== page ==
Comet NEOWISE makes its closest approach to Earth

Comet NEOWISE passed closest to the Sun on July 3 and will pass closest to the Earth on July 23. It is the brightest comet visible from Minnesota in over 10 years. It should be easy to spot (under reasonably dark-sky conditions) at least through the duration of July, and probably beyond that, as it passes under the bowl of the Big Dipper (see figure below). Although it is visible naked-eye, look at it with binoculars or a telescope if possible – the view of the tail will be much better.

Note 1: The orientation of the Big Dipper and its distance to the horizon in the figure will depend on your location on the Earth and the time of night you are observing. Right now the comet is best seen just after it gets fully dark – about 10:30 p.m. – when it is highest in the sky. Be sure to select an observing site as far from city lights as possible and one which has a good view of the northern horizon. The comet will appear in the northwest right after dark and will swing around to the northeast before sunrise.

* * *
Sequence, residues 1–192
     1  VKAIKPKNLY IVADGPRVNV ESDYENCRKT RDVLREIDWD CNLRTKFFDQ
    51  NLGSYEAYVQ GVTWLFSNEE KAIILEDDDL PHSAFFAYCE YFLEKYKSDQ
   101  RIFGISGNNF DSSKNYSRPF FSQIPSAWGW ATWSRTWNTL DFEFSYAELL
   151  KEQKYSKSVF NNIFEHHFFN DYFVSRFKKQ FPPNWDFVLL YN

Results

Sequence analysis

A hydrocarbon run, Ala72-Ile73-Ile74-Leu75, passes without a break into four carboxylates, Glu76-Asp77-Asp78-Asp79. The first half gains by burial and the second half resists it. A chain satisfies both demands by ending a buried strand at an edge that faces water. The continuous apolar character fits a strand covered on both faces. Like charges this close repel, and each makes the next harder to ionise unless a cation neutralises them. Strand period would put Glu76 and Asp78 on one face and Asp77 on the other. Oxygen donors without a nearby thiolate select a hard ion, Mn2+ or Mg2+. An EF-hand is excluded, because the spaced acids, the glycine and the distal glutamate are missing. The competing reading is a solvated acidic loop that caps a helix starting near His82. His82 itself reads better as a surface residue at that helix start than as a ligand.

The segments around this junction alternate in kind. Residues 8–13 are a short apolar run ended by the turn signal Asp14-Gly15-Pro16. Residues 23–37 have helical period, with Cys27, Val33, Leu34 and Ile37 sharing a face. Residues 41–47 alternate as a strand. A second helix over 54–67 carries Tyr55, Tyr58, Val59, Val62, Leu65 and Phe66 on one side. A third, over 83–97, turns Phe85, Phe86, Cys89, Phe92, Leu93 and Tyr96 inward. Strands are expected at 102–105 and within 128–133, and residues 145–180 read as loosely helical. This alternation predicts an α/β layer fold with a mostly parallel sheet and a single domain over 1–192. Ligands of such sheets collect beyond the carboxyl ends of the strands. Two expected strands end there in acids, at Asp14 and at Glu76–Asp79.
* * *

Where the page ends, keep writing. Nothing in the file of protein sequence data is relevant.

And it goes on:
Note 2: If you are out observing, also take time to look at Jupiter and Saturn as well. They are close together above the southeastern horizon just after sunset. If you are using binoculars or a telescope, you might be able to see the 4 largest moons of Jupiter and/or the rings of Saturn.

NEOWISE picture taken by Teresa Hofer of Badlands Observatory, one of our South Dakota Space Grant Consortium affiliates.  The comet is reflecting off Bear Butte Lake at Bear Butte State Park located just northeast of the Black Hills of South Dakota. (Imaging details: Panorama in portrait mode with 50mm lens.  Six images for the sky; tracked and shot at f/2.8 ISO 1000 for 2 mins each.  Foreground is 9 images, untracked, shot at f/4.5 ISO 2000 for 2 mins each.  7/17/20.)

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